You have probably heard some horror stories about people not
reading the complete terms of a lease and ending up in a drawn out
legal battle which costs more money than it is worth. Commercial
leases are no different – you can be locked into a lease
without even signing any paperwork.
Here's a case study about Priolo Corporation Pty Ltd
(Priolo) who learnt this lesson the hard way.
Commercial property owner, Priolo, leased a property to Vantage
Systems Pty Ltd (Vantage), which included six car parking
With the original lease due to expire, discussions began about a
new lease and Priolo emailed a proposal to Vantage, later revising
it for Vantage to consider.
The revised proposal covered all typical lease details but
mistakenly set the car parking licence fee at $375 per car space
per annum, instead of $375 per month for each space. Vantage
noticed the mistake but didn't draw it to anybody's
This in itself is a warning to lawyers and clients alike –
make sure all details are correct! When situations like this arise
you can't rely on the ethics of the other party, especially if
the lease (as in this instance) works in their favour.
In this case, there was a subsequent dispute about whether or
not the two companies were bound under the revised proposal.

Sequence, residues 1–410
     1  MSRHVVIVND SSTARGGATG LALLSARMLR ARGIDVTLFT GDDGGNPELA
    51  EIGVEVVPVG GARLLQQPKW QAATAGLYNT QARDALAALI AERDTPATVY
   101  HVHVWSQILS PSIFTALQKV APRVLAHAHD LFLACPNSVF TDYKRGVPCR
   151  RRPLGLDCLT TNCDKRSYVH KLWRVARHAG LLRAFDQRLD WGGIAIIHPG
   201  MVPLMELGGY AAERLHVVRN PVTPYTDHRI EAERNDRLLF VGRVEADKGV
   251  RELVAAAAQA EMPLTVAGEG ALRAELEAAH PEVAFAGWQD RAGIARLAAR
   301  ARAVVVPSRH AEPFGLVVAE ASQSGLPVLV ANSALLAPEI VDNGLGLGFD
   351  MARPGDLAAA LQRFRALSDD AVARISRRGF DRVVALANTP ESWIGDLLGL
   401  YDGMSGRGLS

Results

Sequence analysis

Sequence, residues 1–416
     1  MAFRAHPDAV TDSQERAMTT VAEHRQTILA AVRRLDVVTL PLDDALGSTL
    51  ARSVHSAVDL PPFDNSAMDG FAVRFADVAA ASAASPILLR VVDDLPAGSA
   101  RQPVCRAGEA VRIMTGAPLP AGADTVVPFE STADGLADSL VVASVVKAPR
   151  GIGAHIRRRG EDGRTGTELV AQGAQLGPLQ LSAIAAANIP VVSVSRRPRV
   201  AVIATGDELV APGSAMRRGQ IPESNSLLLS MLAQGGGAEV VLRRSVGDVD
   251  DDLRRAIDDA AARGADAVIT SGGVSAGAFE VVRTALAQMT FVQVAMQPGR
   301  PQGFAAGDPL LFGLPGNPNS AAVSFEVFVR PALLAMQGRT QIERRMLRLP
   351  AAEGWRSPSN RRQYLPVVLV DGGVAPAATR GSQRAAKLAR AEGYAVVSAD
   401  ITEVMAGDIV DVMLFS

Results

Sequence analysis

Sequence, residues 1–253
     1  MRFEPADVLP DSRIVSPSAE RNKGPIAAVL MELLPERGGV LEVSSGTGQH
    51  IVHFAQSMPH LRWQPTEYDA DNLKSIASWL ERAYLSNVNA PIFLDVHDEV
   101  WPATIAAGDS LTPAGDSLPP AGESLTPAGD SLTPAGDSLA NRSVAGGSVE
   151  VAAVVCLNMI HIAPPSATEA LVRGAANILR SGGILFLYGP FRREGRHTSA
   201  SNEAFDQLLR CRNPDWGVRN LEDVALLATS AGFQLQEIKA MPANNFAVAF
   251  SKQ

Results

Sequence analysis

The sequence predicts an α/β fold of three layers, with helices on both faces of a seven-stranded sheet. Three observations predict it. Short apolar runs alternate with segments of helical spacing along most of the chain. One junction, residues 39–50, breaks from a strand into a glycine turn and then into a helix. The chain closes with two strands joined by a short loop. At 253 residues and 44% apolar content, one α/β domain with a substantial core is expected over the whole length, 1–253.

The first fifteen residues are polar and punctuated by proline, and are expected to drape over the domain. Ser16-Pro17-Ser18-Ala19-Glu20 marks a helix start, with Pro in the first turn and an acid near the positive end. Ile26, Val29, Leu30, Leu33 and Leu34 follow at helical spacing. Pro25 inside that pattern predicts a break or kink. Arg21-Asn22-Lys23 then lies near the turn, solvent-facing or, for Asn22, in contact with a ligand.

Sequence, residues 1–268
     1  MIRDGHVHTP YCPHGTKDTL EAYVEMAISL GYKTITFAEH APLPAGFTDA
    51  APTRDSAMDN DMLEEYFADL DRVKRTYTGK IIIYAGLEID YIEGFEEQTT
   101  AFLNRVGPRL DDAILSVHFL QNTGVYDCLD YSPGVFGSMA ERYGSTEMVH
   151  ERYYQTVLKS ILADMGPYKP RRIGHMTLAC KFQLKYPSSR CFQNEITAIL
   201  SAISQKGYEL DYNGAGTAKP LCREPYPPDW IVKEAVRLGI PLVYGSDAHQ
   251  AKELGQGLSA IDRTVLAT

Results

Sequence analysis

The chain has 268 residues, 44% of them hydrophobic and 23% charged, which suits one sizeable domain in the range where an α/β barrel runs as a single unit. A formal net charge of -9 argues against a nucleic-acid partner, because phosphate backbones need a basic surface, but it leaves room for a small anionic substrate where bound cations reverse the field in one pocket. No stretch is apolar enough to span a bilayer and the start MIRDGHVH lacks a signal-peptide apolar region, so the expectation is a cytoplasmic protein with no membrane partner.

The Court of Appeal held that Priolo and Vantage had intended to
be bound as soon as the terms of the revised proposal were agreed
This case is evidence that dealings and negotiations around
commercial leasing have the potential to bind you. If the
requirements of a valid contract are satisfied then the parties
will be bound - even if formal documents have not been prepared or
signed. As a lawyer, of course I recommend that you sign and
exchange contracts in person, however it's not always possible
for some parties and email may be the only option. If this is the
case, you should document all correspondence and read over all
material provided by the other party.
The content of this article is intended to provide a general
guide to the subject matter. Specialist advice should be sought
about your specific circumstances.
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Do not depart from the contract terms, or encourage the other party to do so, unless you plan to alter the contract.
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